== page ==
Expansion of B.C.’s potash handling capacity, such as a $49 million upgrade at Neptune Bulk Terminals in Vancouver in 2011, has also caught China’s attention. But the biggest item, Dr. Fung said, is a $15-billion proposal, led by Apache Corp., to pipe natural gas to liquefaction terminals in Kitimat.

“The pipeline has not attracted any controversial issues at all,” Dr. Fung said.

“Because there are shortages in China and surpluses in Canada, natural gas prices in China are about five times what they are in Canada,” he said.

“Imagine if we can get the pipeline going by 2015 or 2016. It could be a boon for our natural gas industry in Alberta and B.C.,” Dr. Fung said.

It might even make it possible for Canadian trade with China, which now stands at just $60 billion annually, to leapfrog over the $90 billion annual trade between Australia and China, he said.

Infrastructure investments show Canada is serious

Meanwhile, the Pacific Gateway Alliance, a collaboration of the federal and provincial governments as well as transportation authorities, is overseeing $22 billion in ports, railways, roads and other infrastructure projects in Western Canada, says the Pacific Gateway website. The scope of the initiative shows how serious the Canadian government is about future trade with China, Dr. Prentice said.

“Now, curiously, almost all of that work seems to have gone toward receiving containers of imported goods,” he said, “not towards the things that we’re exporting.”

He has been an advocate of containerizing all of Canada’s wheat. “Any time a commodity goes from bulk into containers, the containers never seem to come back,” he said.

Whether that idea catches on or not, “Asia-Pacific container traffic to North America is expected to increase by 300 per cent” by 2020, says a posting on the B.C. government’s Pacific Gateway website.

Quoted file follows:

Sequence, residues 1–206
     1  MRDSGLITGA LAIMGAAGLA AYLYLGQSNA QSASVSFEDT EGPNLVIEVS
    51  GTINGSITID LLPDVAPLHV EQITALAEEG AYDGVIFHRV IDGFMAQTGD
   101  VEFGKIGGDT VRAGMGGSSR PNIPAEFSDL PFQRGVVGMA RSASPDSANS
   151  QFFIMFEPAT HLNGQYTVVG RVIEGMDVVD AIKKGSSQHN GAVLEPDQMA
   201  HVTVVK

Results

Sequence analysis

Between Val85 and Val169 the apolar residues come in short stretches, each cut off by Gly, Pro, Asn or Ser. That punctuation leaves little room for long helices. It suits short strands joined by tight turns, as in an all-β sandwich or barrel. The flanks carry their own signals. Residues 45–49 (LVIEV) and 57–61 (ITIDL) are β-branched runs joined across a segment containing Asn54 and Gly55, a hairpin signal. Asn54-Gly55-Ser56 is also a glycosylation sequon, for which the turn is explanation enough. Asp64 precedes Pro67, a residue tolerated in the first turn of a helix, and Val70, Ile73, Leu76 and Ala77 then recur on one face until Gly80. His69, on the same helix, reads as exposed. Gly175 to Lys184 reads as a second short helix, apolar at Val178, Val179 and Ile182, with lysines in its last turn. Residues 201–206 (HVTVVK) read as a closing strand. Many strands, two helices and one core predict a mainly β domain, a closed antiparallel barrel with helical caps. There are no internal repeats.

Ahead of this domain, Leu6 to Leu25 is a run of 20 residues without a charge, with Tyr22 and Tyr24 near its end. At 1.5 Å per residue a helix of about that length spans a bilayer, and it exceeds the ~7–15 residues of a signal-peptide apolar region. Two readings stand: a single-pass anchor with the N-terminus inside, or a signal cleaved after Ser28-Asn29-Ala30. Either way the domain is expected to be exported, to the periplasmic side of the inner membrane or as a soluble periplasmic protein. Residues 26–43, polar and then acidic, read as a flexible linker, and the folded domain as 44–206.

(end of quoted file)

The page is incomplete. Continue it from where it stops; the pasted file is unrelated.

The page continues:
Container shortage anticipated

No wonder Dave Bedwell, Vice-President of China Ocean Shipping Company, or COSCO, (Canada), predicts that a future challenge will be securing enough containers.

“We are wholly reliant on import containers to supply the export demand,” Mr. Bedwell said.

For example, should Canada’s gross domestic product grow at 3 per cent annually but exports grow at 9 to 12 per cent, Mr. Bedwell said, “Simon says we’re going to run out of equipment.”

Should a container shortage occur, that would mean conventional breakbulk carriage would again become an attractive option for lumber, and pulp and paper. “At least they can, hopefully, fall back to breakbulk conventional carriers to get their product to China,” Mr. Bedwell said.

From what he has read in the news, trade with China is only going to continue to grow. Then again, he confessed that his crystal ball isn’t as clear as he would like it to be.

“All it takes is one catastrophe and things change,” he said. “Going forward, it’s a positive sign. But all we need is a tsunami to hit some place and everything gets screwed up.”

Prosperous China benefits Canadians

The future of trade of between China and Canada depends, of course, on China’s economy remaining healthy. That will always be a concern, said Dr. Fung. He cautioned that people who might wish China ill should understand that an impoverished China would hurt everyone’s pocketbook.

“If China should be threatened by political and subsequently economic turmoil, and imports drop, Canada will be hit very hard,” Dr. Fung said. That would lead to a drop in demand for exports, he added. “And all the commodities that we export would see a dramatic price decline, right across the board.”